After getting out of jail, Pujols began to piece his life back together little by little, starting with his family. “During my stay in jail I learned I had a son. I felt like he was a gift from God, when I got out of jail this boy changed my life.”
“I started to become a good father, a better person, and I found God. Eventually I began thinking about baseball again.”
A smile returned to Pujols’ face as he began to talk about baseball. He talked about watching Albert as a kid hit home runs out of a high school field when Albert was just 12 years old.
Pujols said, “Baseball is what brought my family together when I was a kid, I loved this game and I couldn’t leave it. It gives me goose bumps just talking about it.”
Pujols started to feel good about himself, he was looking for his second chance.
Pujols got that second chance one day when a league needed an extra player, and they approached him to join them.
“I wasn’t sure I could play like I used to be able to, but I proved myself wrong. I was hitting line drives, throwing people out, and stealing bases.”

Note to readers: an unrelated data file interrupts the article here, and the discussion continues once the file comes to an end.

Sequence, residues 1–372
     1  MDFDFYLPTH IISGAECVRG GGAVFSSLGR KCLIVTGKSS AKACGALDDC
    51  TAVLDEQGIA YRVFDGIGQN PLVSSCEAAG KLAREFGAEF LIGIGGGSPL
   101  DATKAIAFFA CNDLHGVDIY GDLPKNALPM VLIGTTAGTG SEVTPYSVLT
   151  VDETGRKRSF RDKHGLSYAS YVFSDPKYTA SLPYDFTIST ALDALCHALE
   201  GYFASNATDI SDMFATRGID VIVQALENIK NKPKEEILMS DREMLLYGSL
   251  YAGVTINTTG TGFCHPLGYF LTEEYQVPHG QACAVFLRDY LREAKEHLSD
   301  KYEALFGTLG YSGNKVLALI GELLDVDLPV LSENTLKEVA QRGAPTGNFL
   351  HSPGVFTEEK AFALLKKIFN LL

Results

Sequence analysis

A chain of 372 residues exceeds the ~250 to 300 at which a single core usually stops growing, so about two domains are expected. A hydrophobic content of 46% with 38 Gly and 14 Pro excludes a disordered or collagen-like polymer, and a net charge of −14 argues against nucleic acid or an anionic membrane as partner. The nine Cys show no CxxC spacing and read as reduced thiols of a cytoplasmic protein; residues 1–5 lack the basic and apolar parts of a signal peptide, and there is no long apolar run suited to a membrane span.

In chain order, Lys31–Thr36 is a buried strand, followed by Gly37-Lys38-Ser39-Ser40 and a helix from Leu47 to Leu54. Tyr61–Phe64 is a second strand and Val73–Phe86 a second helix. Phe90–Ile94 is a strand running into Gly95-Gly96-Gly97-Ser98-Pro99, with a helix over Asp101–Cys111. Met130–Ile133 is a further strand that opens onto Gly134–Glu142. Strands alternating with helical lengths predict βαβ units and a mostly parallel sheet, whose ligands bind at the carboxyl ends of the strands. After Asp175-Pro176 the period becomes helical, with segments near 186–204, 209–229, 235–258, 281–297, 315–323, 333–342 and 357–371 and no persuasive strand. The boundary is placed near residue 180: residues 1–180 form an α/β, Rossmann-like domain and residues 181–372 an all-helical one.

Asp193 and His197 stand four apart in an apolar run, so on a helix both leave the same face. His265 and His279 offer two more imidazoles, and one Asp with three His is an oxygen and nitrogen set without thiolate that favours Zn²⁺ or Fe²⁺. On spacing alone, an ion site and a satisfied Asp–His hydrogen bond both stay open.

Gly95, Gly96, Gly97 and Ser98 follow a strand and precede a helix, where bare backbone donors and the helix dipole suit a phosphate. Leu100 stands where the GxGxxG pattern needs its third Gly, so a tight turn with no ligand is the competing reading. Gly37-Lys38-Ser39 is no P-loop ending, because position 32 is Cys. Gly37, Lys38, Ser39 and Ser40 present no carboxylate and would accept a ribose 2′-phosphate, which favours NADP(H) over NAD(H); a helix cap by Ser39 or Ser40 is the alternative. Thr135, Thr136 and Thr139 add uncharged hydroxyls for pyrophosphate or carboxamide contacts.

Dan Dipace, an instructor for the California Winter League, just happened to see Wil playing that day and told him, “Wil, there is a place for you. It’s called the California Winter League. Do not turn back, do not look back. You need this league.”
Today, Pujols is playing for the Palm Desert Coyotes looking for a professional contract, but knows to take nothing for granted.
“Even if I don’t get signed, even if I strikeout one hundred times, I don’t care I am just happy to be here. I could have gone down a different path.”
Pujols praised the California Winter League for the opportunity he and his teammates are getting. “I just want to use this as a platform to help people and show them I am on the right path and have become a better person and father.”
And If Pujols could offer advice to someone encountering the same situation he was in, what would it be?
“Seek help, you are not alone, please do not isolate yourself. I have been through it seek someone, family and the lord.”
Pujols’ dream is to play for the Cardinals, to get that second chance. “I wake up every day just dreaming of playing for the St. Louis Cardinals, I want to prove to them that I have matured and become a better person. I am ready to make a run again.”
You can follow Pujols and the California Winter League by listening live to the games broadcast over the CWL website, or by watching them daily at Palm Springs Stadium.